Review: Jeezy’s Juke Joint at The White Rabbit Cabaret

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Jeezy’s Juke Joint straight out of Chicago has fast become known for the vibrancy of their shows and a celebration of the history and future of black performance with burlesque, music and dance.

This past weekend the show returned to Indianapolis at the White Rabbit Cabaret in Fountain Square for the second time in two years and once again the venue was packed to the brim.

The show’s reputation is well-deserved and was especially eye-opening not only for first-timers of Jeezy’s show but for burlesque shows in general. The night was filled with burlesque’s regular mix of bawdy humor, musical allure and a celebration of movement and the beauty of the human body.

Jeezy's Juke Joint
Jeez Loueez – Photo courtesy of Schwebach Photography

The White Rabbit is also the home venue for Indy’s local Rocket Doll Revue group of burlesque performers, many of whom were there to support their fellow performers. It was one of the signs that the biggest takeaway of the night was just how welcoming the atmosphere was, particularly for newbies.

Jeezy's Juke Joint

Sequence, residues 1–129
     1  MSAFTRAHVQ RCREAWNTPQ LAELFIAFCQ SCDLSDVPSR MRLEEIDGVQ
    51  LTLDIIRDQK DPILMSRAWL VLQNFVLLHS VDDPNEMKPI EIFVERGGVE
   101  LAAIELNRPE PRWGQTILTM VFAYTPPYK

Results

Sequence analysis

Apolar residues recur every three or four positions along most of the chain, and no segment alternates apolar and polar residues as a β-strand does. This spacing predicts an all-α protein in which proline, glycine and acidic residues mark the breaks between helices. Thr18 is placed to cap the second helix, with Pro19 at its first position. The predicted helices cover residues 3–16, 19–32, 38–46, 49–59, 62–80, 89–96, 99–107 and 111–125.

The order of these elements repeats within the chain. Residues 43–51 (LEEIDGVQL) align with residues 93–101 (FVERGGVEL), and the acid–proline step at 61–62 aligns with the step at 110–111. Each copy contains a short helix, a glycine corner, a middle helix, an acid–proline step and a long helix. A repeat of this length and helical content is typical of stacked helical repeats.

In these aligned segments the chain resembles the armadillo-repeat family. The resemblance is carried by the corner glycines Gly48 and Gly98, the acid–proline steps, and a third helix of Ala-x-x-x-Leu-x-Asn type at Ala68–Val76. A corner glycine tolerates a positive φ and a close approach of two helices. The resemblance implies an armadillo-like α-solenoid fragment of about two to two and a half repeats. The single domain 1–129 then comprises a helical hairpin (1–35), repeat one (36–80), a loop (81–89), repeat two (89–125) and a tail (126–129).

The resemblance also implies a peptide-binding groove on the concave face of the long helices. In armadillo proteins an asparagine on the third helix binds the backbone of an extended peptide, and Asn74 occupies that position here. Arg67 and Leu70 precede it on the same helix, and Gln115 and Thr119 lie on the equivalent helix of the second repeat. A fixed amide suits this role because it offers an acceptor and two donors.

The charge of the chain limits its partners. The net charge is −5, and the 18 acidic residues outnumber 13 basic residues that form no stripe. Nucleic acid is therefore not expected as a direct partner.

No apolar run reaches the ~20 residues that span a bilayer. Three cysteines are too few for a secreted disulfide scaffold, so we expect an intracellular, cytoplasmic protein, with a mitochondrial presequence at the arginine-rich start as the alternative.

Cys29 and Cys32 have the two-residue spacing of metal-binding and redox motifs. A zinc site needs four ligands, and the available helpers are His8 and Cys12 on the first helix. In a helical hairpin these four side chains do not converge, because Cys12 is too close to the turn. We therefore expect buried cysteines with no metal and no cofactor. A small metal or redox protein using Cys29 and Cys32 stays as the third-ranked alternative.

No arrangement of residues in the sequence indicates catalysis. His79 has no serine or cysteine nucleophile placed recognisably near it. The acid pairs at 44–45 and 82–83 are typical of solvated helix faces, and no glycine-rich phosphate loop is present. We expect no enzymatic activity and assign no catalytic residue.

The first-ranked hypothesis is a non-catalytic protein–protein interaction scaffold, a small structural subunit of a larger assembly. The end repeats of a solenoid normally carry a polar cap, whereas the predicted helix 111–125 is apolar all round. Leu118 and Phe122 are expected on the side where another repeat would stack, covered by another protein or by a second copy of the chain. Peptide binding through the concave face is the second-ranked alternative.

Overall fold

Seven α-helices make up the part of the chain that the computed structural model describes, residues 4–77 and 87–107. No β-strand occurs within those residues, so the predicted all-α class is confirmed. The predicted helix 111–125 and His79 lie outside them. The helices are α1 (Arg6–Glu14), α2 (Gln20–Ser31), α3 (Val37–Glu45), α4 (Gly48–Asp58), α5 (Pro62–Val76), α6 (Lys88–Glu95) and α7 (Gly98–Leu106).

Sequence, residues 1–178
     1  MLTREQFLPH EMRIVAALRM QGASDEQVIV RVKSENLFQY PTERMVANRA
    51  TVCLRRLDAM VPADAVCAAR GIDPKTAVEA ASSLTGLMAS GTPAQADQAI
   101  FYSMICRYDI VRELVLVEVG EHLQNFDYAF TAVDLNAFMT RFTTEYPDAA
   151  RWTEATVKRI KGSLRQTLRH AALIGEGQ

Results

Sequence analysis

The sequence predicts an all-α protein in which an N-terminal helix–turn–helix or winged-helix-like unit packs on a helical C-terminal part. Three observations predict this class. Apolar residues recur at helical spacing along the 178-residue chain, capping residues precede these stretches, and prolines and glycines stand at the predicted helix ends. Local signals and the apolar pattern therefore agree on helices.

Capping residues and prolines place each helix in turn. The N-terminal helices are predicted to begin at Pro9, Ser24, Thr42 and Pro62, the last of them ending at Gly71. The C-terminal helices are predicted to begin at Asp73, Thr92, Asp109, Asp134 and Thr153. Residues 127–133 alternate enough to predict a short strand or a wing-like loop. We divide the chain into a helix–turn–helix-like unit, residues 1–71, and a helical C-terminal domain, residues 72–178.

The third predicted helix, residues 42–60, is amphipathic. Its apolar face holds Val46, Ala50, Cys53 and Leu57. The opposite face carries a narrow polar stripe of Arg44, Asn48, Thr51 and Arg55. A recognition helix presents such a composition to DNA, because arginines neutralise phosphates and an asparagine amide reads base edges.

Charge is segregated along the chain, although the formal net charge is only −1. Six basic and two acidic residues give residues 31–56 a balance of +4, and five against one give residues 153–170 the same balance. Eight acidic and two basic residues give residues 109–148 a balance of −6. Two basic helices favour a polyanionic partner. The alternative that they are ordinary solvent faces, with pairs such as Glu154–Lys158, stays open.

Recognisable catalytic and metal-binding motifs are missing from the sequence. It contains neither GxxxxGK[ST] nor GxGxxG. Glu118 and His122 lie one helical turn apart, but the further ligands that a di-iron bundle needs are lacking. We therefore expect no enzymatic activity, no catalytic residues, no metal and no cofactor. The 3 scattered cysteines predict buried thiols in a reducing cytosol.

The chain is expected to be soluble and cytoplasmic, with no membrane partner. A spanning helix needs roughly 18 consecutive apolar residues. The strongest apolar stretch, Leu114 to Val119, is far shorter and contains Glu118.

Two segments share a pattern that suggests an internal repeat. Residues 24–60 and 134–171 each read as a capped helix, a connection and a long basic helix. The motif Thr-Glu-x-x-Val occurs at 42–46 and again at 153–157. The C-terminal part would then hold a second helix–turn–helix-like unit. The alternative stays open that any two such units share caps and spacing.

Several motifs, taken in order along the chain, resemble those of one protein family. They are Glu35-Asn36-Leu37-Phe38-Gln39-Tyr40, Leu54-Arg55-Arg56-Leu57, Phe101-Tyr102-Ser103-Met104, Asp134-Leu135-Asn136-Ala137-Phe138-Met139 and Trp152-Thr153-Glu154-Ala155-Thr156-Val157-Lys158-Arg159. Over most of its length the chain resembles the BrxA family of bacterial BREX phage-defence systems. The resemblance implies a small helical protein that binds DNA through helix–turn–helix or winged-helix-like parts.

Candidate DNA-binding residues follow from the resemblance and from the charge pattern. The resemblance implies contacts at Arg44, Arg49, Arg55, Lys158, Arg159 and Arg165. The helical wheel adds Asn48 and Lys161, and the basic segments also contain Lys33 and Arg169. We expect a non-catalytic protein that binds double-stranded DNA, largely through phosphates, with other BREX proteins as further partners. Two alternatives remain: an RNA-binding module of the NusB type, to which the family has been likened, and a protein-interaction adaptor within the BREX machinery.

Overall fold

Aasia Bullock – Photo courtesy of Schwebach Photography

The energy of the show alone was relentless, the flow of the billing was seamless and each act totally engaging and unique. Stand out moments came from P NoNoire’s soulful and electrifying channeling of 60’s R&B, and from Po’Chop’s number filled with natural, smooth and fierce choreography. The sheer joy and unbridled good-time atmosphere was flowing from the stage during Aasia Bullock’s performance.

Jeezy's Juke Joint
P. NoNoire – Photo courtesty of Schwebach Photography

Jeez Loueez, the troupe’s namesake leader and hostess of the show, are aware of her well-renowned performances having performed at Indy’s own “Titty 500” burlesque flagship show that attracts talent from around the country.

Unfortunately, she was not able to perform this evening due to injury, but this was countered by her exemplary hosting abilities. From the sidelines of the stage, her genuine affection for each performer was apparent. In turn, the audience’s feedback to the performers matched the obvious love the performers had for their audience and for their art.

Jeezy's Juke Joint
Po’Chop – Photo courtesy of Schwebach Photography

It’s a fair assumption that those unsure about the risque nature of burlesque no doubt looked past whatever initial self-consciousness they may have felt to see the night for what it was. It’s proof that Jeezy’s Juke Joint not only includes outstanding black performers but fosters a sense of community and inclusiveness with a joy that’s infectious.

Burlesque shows happen frequently at The White Rabbit Cabaret, details and tickets are available on their website.

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